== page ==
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Other than Byron Bell, there probably isn't a starter more maligned than Brandon LaFell. Is he worth re-signing? Is he a capable #2 WR?

Jeremy Brevard-USA TODAY Sports

Whether a marketing decision or one to placate paranoid franchises [...] most of what (the NFL) shows are such extreme close-ups that it is impenetrable from a strategy perspective. [...]

Unfortunately, the result is that it's impossible to get a sense of what is going on during a play: the quarterback releases the ball, the ball floats magically in the air, and the receiver appears like an apparition out of nowhere to catch it. And the practical questions remain. What coverage were they in? What route did that receiver run? What complementary routes did the other receivers run? [...] It's impossible to tell.

[...] Ironically, too, the NFL, with more money (and likely its intent to market personalities) affixes its camera angles tighter than do college broadcasts.

-Chris Brown talking about TV angles of NFL games.

Perception is the name of the game. Too often our perception of players is forged by one or two anecdotes. We remember Byron Bell being obliterated by Mario Williams, but we never see, or remember his handling of Michael Bennett, or Jason Pierre Paul. Likewise Brandon LaFell's horrible drop on 4th & 2 versus Arizona is seared into memory, where his schooling of Tyrann Mathieu isn't.

On your average play, nobody is watching the #2 WR unless he is the target of a pass, or he comes into frame as a play-side blocker. Do you know what Brandon LaFell is doing all game?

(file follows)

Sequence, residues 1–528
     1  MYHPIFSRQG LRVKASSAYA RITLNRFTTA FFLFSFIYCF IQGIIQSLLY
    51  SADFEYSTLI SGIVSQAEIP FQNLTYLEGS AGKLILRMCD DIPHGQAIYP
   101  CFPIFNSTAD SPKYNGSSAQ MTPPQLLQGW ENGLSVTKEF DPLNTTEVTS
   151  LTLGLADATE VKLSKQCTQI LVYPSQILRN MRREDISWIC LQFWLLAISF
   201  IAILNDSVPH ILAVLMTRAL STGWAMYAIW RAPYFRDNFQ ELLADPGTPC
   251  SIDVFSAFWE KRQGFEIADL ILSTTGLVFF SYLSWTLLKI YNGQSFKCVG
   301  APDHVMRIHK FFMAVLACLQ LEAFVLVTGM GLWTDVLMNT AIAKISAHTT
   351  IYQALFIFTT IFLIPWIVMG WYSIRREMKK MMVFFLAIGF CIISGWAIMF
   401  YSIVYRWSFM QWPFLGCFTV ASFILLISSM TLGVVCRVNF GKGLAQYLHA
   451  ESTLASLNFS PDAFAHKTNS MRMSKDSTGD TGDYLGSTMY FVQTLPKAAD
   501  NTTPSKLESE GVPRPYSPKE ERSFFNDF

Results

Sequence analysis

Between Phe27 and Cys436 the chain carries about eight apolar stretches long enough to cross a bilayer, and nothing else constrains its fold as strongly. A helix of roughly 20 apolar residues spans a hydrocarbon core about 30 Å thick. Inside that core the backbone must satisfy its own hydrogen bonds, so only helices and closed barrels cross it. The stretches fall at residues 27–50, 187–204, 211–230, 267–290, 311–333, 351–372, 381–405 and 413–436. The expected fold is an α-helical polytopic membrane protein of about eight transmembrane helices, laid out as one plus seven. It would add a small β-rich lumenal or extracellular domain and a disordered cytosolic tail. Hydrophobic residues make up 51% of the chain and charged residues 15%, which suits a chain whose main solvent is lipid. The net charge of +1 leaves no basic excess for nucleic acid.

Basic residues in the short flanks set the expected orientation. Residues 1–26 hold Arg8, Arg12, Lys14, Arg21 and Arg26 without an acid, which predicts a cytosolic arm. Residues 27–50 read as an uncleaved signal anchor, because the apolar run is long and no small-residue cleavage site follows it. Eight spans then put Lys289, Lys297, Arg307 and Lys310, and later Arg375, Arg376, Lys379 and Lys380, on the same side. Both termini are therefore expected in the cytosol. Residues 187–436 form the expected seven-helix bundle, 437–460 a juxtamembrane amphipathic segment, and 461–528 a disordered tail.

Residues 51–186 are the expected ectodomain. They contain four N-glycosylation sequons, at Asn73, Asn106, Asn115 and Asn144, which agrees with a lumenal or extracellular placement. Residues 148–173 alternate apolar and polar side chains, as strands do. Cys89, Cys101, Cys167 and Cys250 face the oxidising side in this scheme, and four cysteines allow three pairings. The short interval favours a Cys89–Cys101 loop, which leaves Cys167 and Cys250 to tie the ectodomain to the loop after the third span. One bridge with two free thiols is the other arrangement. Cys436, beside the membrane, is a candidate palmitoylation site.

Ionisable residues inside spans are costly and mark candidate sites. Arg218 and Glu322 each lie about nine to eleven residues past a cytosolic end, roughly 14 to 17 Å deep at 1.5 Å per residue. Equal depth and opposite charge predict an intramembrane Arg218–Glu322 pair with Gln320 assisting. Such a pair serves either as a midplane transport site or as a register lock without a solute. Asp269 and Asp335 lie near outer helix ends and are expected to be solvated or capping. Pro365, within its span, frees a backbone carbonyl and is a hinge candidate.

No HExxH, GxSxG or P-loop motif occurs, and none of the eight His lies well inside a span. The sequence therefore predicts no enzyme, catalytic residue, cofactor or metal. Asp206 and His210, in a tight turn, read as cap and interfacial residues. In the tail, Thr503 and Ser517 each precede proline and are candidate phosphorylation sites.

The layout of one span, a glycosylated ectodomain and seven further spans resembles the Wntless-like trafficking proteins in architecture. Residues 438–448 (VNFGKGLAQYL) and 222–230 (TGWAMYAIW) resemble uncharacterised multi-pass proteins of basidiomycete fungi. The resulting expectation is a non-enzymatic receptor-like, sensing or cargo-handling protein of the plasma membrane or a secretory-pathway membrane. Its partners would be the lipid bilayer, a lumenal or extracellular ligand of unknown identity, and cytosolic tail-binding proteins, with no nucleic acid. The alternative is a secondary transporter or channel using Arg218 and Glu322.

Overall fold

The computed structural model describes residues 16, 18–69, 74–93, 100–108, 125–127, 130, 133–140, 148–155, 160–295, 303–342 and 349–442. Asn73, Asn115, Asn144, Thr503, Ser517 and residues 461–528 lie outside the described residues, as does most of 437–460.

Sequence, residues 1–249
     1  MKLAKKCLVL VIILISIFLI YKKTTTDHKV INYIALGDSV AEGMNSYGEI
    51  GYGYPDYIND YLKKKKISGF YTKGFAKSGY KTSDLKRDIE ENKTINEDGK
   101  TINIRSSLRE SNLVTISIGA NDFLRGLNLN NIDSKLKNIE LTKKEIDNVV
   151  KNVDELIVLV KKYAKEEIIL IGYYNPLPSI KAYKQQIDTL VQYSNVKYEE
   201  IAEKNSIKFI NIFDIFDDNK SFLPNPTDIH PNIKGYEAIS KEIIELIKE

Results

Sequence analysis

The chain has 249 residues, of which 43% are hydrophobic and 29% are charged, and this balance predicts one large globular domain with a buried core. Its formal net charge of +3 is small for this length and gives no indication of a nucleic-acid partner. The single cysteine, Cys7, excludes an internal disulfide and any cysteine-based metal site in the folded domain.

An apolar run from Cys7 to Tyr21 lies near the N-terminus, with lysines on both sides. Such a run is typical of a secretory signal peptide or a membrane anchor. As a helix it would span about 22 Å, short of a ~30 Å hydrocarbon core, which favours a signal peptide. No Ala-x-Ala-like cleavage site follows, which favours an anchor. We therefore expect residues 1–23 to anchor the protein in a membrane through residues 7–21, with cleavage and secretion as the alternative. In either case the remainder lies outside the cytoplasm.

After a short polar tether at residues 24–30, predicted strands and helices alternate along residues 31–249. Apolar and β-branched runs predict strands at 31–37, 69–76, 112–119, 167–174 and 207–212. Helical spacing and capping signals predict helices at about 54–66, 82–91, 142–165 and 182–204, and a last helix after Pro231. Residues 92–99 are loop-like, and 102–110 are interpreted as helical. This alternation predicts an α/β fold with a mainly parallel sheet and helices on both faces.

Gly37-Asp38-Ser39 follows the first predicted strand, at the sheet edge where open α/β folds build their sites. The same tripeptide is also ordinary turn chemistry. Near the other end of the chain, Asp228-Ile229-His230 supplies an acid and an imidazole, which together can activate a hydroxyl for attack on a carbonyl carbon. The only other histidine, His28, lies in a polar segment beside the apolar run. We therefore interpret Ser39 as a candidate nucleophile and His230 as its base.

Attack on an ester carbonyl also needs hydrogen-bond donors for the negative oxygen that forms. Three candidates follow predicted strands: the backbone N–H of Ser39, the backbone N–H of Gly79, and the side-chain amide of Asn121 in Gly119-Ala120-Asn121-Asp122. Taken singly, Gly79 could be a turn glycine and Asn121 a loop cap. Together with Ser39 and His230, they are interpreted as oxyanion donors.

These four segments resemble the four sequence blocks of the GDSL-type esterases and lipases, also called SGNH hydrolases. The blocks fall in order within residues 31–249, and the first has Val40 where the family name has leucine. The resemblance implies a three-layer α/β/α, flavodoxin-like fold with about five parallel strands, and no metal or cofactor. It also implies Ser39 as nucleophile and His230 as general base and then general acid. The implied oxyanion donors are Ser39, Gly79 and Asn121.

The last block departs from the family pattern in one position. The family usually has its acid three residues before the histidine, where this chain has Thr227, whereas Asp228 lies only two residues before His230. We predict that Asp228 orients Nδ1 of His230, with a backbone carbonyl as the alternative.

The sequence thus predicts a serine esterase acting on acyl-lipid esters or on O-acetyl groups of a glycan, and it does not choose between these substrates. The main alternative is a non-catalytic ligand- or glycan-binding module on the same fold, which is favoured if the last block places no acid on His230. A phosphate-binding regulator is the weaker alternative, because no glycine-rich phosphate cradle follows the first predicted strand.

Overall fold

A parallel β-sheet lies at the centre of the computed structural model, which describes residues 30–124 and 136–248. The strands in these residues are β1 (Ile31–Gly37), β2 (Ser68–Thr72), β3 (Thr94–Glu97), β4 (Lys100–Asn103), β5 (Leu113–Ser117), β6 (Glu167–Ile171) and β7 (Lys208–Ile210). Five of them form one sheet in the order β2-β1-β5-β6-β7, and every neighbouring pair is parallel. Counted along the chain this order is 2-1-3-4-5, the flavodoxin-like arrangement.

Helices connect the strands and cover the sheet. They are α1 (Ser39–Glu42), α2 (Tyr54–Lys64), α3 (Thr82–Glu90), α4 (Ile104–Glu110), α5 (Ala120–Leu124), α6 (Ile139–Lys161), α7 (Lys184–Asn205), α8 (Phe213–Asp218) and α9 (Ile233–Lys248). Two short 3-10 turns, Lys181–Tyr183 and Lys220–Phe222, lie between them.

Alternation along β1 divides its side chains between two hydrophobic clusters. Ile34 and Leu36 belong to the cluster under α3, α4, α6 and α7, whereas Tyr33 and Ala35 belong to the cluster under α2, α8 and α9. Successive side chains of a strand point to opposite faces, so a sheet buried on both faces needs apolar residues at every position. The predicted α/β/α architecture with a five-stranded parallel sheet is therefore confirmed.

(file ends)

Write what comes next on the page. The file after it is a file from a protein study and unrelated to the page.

Benjamin Disraeli's famed quote: there are "lies, damned lies, and statistics."

Stats paint a nice picture, but without context, they're nearly worthless. The numbers tell you that Brandon LaFell is a mediocre number two wide receiver, especially in comparison to Randall Cobb or Alshon Jeffery. Cobb's four touchdowns, in six games this year, fall just shy of LaFell's five in 16 starts, while Jeffery's 1,421 receiving yards put LaFell's comparatively meager 627-yards to shame.

Stats don't put into context the differences in the offenses of Carolina, Green Bay, and Chicago. Not just schematically, although that is a factor, but in job descriptions, and strategic preferences. Whereas Green Bay throws the ball far more often, and Alshon Jeffery is by far the number two target on his team, Brandon LaFell plays in the comparatively run heavy, ball-control offense of the Panthers, and is the number three target behind Steve Smith, and Greg Olsen. The passing offense is primarily designed around those two fixtures. LaFell isn't asked to go out and get 100+ yards and/or multiple TDs. That's not his job. That's not the job of the number two wide receiver for the Carolina Panthers.

LaFell, the Panthers third round selection in 2010 out of LSU, and soon to be fifth-year pro, has reached the end of his rookie deal. I think he deserves a new contract. I find the idea that a second or third round pick at WR could outright usurp LaFell silly.

One of the pervading perceptions on LaFell is his supposed inability to separate from man coverage. Week 1 last season the Panthers matched up against the best secondary in the NFL. Below are examples of LaFell beating (and in some cases embarrassing) Kam Chancellor, Byron Maxwell, Walter Thurmond, and of course, the top corner in the NFL, Richard Sherman, all in man coverage.


Here LaFell, running a 9-route, is matched up with Kam Chacellor in man coverage.